Bahá’í Glossary Terms

Effendi, Shoghi

Shoghi Effendi (1897–1957) succeeded his grandfather, 'Abdu’l-Bahá, as the head of the Bahá’í Faith in 1921. In order to give the Bahá’í Faith organization, Shoghi Effendi established the institutional structure of local and national spiritual assemblies based on principles delineated in 'Abdu’l-Bahá’s Will and Testament and in Bahá’u’lláh’s writings. He translated many of Bahá’u’lláh’s works into English and wrote letters and essays (some 34,000 altogether) defining and clarifying many basic Baha'i teachings. He used the administrative institutions as an instrument for spreading the Bahá’í Faith systematically worldwide. Before his death in 1957, Shoghi Effendi appointed twenty-seven Bahá’ís as “Hands of the Cause of God.” They served as joint custodians of the Bahá’í Faith for five years after his death, until the Universal House of Justice could be elected.

Báb, the

In 1844, Siyyid 'Ali-Muhammad of Shiraz (1819-1850 CE) took the title of the “Báb” (or “Gate”), and claimed to be the promised one expected by Shi’ite Islam as well as prophecies of other world religions, and the Herald of One greater soon to come. In his short six-year ministry he produced over 2,000 works. Because his teachings were considered blasphemy by the Shi'ite clerics, the Báb was executed by firing squad on July 9, 1850. Despite the repeated pogroms against his followers, the movement continued to grow, eventually developing into the Bahá’í Faith.


Bahá’u’lláh (1817–1892) was born in Iran as Mirza Husayn 'Ali and became the most influential of the early followers of the Báb. He acquired the title Bahá’u’lláh (Arabic for "the Glory of God") in 1848. In 1863 he announced a claim to be a messenger of God, the one whose coming was predicted by the Bible, the Qur’an, and by his forerunner, the Báb. Because of his claims, Bahá’u’lláh was repeatedly imprisoned and banished. In his forty-year ministry he produced over over 18,000 unique works, mostly letters and prayers, which defined the basics of his religion. He died in 1892 in Akka, a prison city in Palestine.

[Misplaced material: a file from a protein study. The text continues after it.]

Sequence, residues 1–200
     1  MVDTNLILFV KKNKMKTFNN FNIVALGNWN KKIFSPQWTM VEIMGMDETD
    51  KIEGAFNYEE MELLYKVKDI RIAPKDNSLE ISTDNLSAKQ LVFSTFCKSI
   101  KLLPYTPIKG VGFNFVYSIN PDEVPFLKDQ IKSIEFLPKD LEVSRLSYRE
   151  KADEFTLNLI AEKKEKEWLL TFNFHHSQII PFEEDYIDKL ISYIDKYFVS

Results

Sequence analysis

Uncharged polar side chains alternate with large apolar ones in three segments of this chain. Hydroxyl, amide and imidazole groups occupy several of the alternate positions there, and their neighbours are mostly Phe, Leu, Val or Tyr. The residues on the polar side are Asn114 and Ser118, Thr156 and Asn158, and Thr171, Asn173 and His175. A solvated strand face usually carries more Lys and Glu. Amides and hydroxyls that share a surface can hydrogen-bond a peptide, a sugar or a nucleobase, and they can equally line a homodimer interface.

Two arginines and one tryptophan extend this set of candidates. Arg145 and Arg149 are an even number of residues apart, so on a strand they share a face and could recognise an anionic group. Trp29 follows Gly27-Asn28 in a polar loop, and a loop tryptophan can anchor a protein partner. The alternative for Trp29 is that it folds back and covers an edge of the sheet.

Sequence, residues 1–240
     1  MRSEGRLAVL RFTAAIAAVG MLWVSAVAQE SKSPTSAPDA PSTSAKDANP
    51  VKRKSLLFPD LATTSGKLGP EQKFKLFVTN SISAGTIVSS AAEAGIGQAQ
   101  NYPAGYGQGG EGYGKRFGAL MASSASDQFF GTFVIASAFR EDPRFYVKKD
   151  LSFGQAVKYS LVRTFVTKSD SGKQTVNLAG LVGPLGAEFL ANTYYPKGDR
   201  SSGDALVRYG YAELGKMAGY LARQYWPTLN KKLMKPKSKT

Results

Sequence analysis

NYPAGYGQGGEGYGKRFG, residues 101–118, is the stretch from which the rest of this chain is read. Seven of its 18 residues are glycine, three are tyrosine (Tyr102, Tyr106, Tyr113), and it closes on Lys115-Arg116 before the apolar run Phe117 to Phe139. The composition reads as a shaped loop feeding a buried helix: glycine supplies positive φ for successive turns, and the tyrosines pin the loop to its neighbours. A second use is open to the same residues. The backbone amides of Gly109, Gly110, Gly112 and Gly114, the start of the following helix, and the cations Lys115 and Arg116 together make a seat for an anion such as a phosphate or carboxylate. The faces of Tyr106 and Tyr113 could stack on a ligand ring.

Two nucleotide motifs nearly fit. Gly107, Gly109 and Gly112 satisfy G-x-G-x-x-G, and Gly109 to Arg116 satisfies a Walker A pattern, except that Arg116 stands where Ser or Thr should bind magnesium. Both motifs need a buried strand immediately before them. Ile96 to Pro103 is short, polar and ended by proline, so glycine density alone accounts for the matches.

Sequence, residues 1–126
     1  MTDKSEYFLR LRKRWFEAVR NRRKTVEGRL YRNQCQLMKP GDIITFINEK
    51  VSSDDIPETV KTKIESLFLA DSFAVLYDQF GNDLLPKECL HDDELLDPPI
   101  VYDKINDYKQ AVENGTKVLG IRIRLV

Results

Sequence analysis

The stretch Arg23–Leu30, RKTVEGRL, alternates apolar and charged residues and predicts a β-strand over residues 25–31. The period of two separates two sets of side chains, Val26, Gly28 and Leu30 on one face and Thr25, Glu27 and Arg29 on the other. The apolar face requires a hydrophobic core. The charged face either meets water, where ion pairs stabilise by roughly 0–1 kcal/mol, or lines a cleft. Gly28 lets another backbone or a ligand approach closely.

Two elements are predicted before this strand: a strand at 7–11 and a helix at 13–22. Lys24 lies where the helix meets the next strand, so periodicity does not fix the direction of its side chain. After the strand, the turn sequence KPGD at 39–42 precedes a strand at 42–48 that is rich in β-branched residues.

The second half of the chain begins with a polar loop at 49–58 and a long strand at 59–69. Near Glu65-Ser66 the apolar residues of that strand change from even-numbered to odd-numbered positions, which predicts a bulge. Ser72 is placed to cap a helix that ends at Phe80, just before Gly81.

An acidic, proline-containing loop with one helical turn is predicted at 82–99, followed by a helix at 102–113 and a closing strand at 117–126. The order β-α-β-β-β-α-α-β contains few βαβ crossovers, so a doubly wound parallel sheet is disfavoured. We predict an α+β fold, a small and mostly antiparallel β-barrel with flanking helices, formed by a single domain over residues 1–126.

A fireside is a common type of Bahá’í meeting, a gathering in a Bahá’í home to discuss the faith. Bahá’ís are encouraged to host such gatherings regularly. Bahá’í communities also sponsor large public firesides in a home or a Bahá’í Center. These events begin with a presentation, followed by questions, discussion, and refreshments.

Nine Holy Days

The Bahá’í year includes nine holy days: the first, ninth and twelfth day of Ridvan (when Bahá’u’lláh declared himself a messenger of God, April 21-May 2); the anniversary of the Báb's declaration that he was the Promised One of Shi’ite Islam (May 23); the anniversary of the birth of Bahá’u’lláh (November 12); the anniversary of the birth of the Báb (October 20); the anniversary of the ascension of Bahá’u’lláh (May 29); the anniversary of the martyrdom of the Báb (July 9); and the feast of Naw-Ruz (New Year, March 21). On these days Bahá’ís should suspend work. The various holy days are celebrated by a program of worship followed by cultural events and refreshments.

Nineteen Day Feast

The Bahá’í community generally gathers on the first evening of each Bahá’í month, or once every nineteen days. Each Feast has three portions: worship, administrative and socializing. The devotional portion tends to center on two activities: the reading of scripture, especially the writings of the Báb, Bahá’u’lláh, and `Abdu’l-Bahá, and live or recorded music. The administrative portion of a feast focuses on community activities and concerns. All Feasts close with refreshments.